Herein the term “index” is defined as an index into an address translation table. The index of a date entry is an offset into the translation table of which that data entry is located.

Referring to FIG. 5 herein there is illustrated schematically an example of storage of logical blocks of addresses and physical blocks of addresses, together with their indexations. Each indexation number corresponds to a respective pairing of a logical address block with a physical address block.

Defect avoidance is implemented during manufacture of the device, by locating each individual defective memory element in each individual component using test equipment and setting an initial mapping between logical and physical addresses which avoids defective locations. The initial translation data avoids accessing the defective locations. Typically, the physical address range is larger than the logical address range by a few percent, depending upon the yield of devices which are defect free during manufacture.

The nature of the MRAM devices is that where there are defective elements, these tend to come in regions of the MRAM chip, which corresponds with ranges of physical address, rather than individual physical addresses. Thus, ranges of segments within MRAM devices may need to be avoided by the address translation data table.

For storage of translation data within the data storage device, the address translation scheme cannot be used to identify the physical address location in which that data is stored. The translation data table has to be stored in known physical locations, being duplicated in multiple places throughout the data storage device, to ensure that if the translation data table becomes corrupted, for example through the emergence of a defect, there is a spare copy replicated one or a plurality of times throughout the memory device. The translation data also needs to record the physical memory locations where it is itself stored, and which are therefore not available for use as data storage locations. For example where the data translation is stored at physical address locations 1000, 6000, 11000, that is to say replicated into three versions of itself, then the translation table data itself needs to record the fact that those data locations are reserved for storage of the translation data.

Referring to FIG. 6 herein, there is illustrated schematically an algorithm which is applied by microprocessor 105 to the translation data table stored in memory 106 in order to obtain a logical to physical address translation. The content of the translation data table is pre-stored, as a result of defect identification during testing after manufacture. The algorithm of FIG. 6 operates using the data in the translation data table, to get from an input logical address to a corresponding respective physical address for a block of data, as follows.

In step 600, an index data is set to 1. In step 601, the logical address which is to be found, is entered as a parameter to the algorithm, and for convenience is referred to here as the “requested logical address”. An initial generated value of the requested logical address is compared with the logical address at index 0, and it is compared whether the requested logical address is less than the logical address of index 0. If this is the case, then in step 602, the physical address is determined as being equal to the requested logical address minus the logical address at the index value minus 1, plus the physical address at the index value minus 1, with the logical and physical addresses at the index minus 1 being determined from the translation data table stored in the memory 106. If the requested logical address is not less than the logical address at the index value, then in step 603, the index value is incremented by 1, and step 601 is repeated in practice, indexation numbers are not stored in the translation table. An indexation number is implied by the location of a data entry within the translation table.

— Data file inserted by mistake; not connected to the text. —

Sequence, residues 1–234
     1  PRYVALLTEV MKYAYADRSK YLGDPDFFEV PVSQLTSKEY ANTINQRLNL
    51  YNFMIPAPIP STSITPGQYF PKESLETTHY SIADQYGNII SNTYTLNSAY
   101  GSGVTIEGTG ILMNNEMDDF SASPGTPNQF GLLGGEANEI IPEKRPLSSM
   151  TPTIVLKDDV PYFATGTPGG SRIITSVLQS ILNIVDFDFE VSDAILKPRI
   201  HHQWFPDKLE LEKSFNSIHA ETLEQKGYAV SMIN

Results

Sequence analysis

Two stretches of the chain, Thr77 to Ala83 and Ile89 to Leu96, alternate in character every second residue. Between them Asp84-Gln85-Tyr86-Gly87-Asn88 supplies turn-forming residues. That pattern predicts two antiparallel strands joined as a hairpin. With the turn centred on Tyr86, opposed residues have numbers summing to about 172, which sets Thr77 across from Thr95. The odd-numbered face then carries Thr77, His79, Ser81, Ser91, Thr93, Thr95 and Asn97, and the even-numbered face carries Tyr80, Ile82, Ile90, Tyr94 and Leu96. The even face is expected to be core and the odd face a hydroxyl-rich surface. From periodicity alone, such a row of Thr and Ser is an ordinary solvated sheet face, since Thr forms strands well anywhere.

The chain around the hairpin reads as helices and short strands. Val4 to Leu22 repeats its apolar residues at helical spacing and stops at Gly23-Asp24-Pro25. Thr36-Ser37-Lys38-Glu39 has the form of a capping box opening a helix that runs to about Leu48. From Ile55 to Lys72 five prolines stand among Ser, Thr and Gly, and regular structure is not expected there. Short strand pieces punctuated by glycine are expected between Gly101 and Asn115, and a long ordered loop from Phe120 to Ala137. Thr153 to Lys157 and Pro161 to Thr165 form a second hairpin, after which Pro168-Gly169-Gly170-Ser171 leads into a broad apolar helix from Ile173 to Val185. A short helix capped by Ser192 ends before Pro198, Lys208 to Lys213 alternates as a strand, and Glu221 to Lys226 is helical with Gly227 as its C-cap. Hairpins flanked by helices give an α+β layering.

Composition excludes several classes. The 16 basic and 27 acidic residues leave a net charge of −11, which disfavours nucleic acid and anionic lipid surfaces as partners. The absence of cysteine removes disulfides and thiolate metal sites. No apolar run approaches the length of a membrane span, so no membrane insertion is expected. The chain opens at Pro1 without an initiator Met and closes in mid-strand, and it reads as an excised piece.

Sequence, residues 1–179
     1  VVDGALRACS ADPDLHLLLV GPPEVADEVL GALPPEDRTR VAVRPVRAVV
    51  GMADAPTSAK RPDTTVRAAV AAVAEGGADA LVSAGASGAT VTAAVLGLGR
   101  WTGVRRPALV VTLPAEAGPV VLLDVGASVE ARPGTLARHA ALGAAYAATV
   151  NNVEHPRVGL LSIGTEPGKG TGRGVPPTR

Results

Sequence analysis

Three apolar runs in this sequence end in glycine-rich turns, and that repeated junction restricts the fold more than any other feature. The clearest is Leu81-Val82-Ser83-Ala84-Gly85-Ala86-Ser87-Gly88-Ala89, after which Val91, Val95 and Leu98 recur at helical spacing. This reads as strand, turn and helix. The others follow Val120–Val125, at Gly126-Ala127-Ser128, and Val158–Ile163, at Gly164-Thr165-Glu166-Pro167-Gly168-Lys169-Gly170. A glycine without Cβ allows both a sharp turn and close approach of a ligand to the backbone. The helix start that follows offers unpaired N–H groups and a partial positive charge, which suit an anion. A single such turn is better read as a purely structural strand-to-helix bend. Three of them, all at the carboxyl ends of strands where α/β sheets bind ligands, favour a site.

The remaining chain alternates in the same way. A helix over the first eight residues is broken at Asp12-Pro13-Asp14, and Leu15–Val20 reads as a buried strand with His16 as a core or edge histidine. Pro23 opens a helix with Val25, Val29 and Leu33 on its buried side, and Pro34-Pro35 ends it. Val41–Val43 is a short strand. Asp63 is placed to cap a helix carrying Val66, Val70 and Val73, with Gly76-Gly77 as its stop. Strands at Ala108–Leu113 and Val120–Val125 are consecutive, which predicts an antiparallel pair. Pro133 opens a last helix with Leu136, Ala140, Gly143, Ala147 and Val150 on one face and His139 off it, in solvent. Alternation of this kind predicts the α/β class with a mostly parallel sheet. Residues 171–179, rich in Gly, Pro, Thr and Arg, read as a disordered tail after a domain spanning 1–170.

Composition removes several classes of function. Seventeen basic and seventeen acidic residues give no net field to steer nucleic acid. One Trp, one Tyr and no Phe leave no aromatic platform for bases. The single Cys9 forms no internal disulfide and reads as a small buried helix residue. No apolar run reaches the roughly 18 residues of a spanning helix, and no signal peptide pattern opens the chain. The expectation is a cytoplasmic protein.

For example using the data translation table as illustrated in FIG. 5 herein, with the example logical address of 100 being entered, for which the corresponding respective physical address is to be found, the algorithm initially looks at index value number 1 and compares in step 601 whether the logical address (which is 8) at that index value is greater than the requested logical address of 100. Since it is not (8 is not greater than 100), the algorithm increments the index value by 1 in step 603, and returns to step 601. The algorithm compares whether the logical address value at index 2 is greater then the requested logical address of 100. In this case, it is (1002 is greater than 100) therefore the algorithm proceeds to step 602 and determines the physical address as the requested logical address (100) minus the logical address at the index minus 1 (i.e. minus 8) plus the physical address at the index minus 1 (i.e. 21) giving a corresponding physical address of 113 for requested logical address 100.

The algorithm illustrated with reference to FIG. 6 will handle translation of logical to physical addresses in all instances from the translation data table. The algorithm will take account of manufacturing defects, and discontinuities within the physical address range.